Affecting End User Behavior to Achieve Efficiency

This is one of a series of 11 videos in the UC Davis Energy Efficiency Center's "Roots of Energy Efficiency" series of forums exploring California's rich past - and promising future - as a global innovator of energy-efficient technologies and policies. Examine how consumer behavior is changing in response to new products and services enabled by smart technologies and what additional measures are needed.

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Comment by Bob Blanchette on May 31, 2012 at 4:19am

OGE: SmartHours

This plan would not be possible w/o the use of smart meters. Explaining to people to reduce use between 2-7pm weekdays is a fairly simple concept that most people can understand. No need to know how the meter works.

Comment by tedkidd on May 30, 2012 at 7:17am

Joseph, awesome!  

Bob, I'm a gear geek, so I love the idea of smart meters.  But they're iPads before home computers.  Confusing the issue.  I see not having them used as excuse for inaction, which means the idea of smart meters actually hampers progress.  

As Joseph nicely documented, the meters we have many not be "smart" but they are very effective.  The idea that what you are using RIGHT NOW is somehow more meaningful than how much you use over the course of day, week, or month, seems to fall right in line with "why do today what you can put off until tomorrow" attitude around energy efficiency.  

The "once we have this next solution the world will turn into Eden" fantasy we humans perpetually project.  Smart meters will be nice, a great tool for fine tuning usage, but we have plenty of great tools already that we AREN'T making effective use of, and need to.  

If you'd never used a PC you'd have little ability to understand the power and shortcomings of an iPad.  If we don't know how to use our existing meters, smart meters don't make us smart.  If you don't know how to read or write, upgrading from a typewriter to a PC is not the answer.  

We need to get people literate, then technological advance is meaningful.  

Comment by Joseph Lamy on May 29, 2012 at 7:37pm

Since my girliefriend snuck out for 5 months, I have shut off the electric water heater. I turn it on for about an hour every week (20 minutes for a warm tank to last a few days )and turned up the fridge temp so the ice cream is soft and easily spooned and milk still lasts a week. I am getting by on 132 kwh a month for an all electric townhome of 1800 sq.ft. No stand-by losses, no phantom stuff, TV is unplugged, computer on only when I need it, lights the same way. Clothes dry on the deck chairs. Smart meter not required, only the circuit breaker and simple living, logic, tank wrap, duh! :)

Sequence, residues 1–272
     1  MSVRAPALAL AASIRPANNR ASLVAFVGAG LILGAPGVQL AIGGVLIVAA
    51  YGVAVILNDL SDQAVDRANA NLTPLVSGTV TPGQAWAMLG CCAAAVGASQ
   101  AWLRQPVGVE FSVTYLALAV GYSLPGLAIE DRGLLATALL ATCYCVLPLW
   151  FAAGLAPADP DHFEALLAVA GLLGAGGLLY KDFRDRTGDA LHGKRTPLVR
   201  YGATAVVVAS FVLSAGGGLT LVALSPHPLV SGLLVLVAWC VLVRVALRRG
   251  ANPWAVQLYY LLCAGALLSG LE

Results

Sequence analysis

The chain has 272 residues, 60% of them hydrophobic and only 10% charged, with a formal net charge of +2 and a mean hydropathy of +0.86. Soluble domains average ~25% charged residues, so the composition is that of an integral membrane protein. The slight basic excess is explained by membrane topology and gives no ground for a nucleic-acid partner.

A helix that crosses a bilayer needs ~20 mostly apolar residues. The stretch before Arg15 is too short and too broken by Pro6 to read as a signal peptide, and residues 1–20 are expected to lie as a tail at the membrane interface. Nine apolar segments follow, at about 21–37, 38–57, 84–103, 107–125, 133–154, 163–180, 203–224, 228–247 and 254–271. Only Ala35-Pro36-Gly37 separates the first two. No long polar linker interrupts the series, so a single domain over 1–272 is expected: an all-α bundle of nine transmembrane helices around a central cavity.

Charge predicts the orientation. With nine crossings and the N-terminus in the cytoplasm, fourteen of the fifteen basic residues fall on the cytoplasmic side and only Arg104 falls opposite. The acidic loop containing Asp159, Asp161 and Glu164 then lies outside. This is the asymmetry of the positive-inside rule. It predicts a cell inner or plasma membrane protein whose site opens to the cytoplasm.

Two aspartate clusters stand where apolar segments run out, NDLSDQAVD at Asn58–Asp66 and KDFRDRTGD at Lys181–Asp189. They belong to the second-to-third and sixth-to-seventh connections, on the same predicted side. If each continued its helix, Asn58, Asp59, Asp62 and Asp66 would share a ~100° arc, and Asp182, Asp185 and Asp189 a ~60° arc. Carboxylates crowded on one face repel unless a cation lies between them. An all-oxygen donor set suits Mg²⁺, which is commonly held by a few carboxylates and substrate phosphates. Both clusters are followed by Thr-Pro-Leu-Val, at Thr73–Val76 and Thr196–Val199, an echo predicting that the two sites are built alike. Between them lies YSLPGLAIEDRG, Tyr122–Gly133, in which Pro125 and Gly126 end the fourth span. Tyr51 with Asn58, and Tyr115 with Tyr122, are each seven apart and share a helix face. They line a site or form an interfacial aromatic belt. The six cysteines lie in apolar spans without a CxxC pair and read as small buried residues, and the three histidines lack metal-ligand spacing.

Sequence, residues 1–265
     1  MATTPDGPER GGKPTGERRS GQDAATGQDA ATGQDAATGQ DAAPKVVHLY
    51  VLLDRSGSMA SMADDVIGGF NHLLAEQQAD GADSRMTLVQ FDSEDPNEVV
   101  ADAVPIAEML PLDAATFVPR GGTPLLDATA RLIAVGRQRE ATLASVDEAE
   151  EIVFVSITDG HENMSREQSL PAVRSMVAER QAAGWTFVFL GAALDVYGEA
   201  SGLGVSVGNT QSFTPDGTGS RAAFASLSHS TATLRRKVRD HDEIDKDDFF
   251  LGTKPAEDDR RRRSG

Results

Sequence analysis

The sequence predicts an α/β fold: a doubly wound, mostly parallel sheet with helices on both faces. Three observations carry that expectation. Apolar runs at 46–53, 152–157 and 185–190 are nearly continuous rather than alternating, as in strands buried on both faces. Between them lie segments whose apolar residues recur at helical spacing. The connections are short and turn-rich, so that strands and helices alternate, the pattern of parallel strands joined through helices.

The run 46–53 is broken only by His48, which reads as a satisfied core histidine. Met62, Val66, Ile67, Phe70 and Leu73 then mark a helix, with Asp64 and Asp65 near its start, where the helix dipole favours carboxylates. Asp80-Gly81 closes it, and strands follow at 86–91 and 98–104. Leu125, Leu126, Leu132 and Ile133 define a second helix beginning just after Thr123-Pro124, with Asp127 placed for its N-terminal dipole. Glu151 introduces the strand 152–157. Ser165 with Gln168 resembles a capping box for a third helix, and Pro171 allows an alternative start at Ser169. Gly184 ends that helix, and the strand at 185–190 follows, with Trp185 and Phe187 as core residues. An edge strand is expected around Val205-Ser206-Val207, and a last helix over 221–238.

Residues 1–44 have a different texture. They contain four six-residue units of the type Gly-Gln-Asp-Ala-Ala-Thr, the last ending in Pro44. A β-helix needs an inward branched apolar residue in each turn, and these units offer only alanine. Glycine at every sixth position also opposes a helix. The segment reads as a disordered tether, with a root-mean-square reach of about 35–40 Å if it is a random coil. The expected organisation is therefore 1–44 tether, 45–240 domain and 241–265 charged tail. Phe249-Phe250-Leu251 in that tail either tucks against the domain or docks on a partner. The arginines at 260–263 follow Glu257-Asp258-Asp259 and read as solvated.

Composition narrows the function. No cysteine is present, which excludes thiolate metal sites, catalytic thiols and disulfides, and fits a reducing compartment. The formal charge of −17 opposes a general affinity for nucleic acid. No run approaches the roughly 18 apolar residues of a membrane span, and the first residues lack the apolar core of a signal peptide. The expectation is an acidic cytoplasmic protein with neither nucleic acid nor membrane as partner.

Comment by Bob Blanchette on May 29, 2012 at 4:55pm

Smartmeters pave the way for time of use and variable peak pricing plans. This can and does benefit many consumers when implemented properly.

Comment by tedkidd on May 29, 2012 at 3:56pm

Set the information free baby!!!  

Most people behave like blind buffoons only when blindfolded. Let them SEE what the neighbors use, and the neighbors that use less will become resources, leaders.  

I really don't use the immediate MPG gauge on my car, I use the average mpg gauge.   Not sure that smart meter's are such a thrilling innovation or a distraction.  Focusing on the wrong direction.  Selling an infrastructure product that currently can't benefit many.  (Hey, Alex Laskey agrees with me!)

We need to be able to compare what we've done in the past, and what others have done, not necessarily see immediately what we are using RIGHT THIS MINUTE.  

Wow, love Minute 30 - Alex Laskey GETS IT!!  Smart meters Ain't It!  Regulators must make utilities act now!  It doesn't require infrastructure replacement, it requires ENGAGEMENT! 

Gene Rodrigues at minute 39!!!  "We don't believe the market has truly expressed an INTELLIGENT preference for the amount of efficiency that's being done, so we are willing to invest in efficiency as a resource."  

"If we wait for the consumer to change the market, the market will never change.  Energy is cheap, why change status quo.  Energy companies exist in synthetic markets, they need incentive and reward to cut use GREATER than incentive and reward to sell more. 

45.15 - YES!! LIBERATE THE DATA!!!  If the utilities can come up with a product, let them, but they don't seem like innovators to me!  

56 - Disaggregation.  That's really cool!!!  Energy audit via the meter.  

Limited attention span, inherent interest, real insight with actionable information, they get change.  

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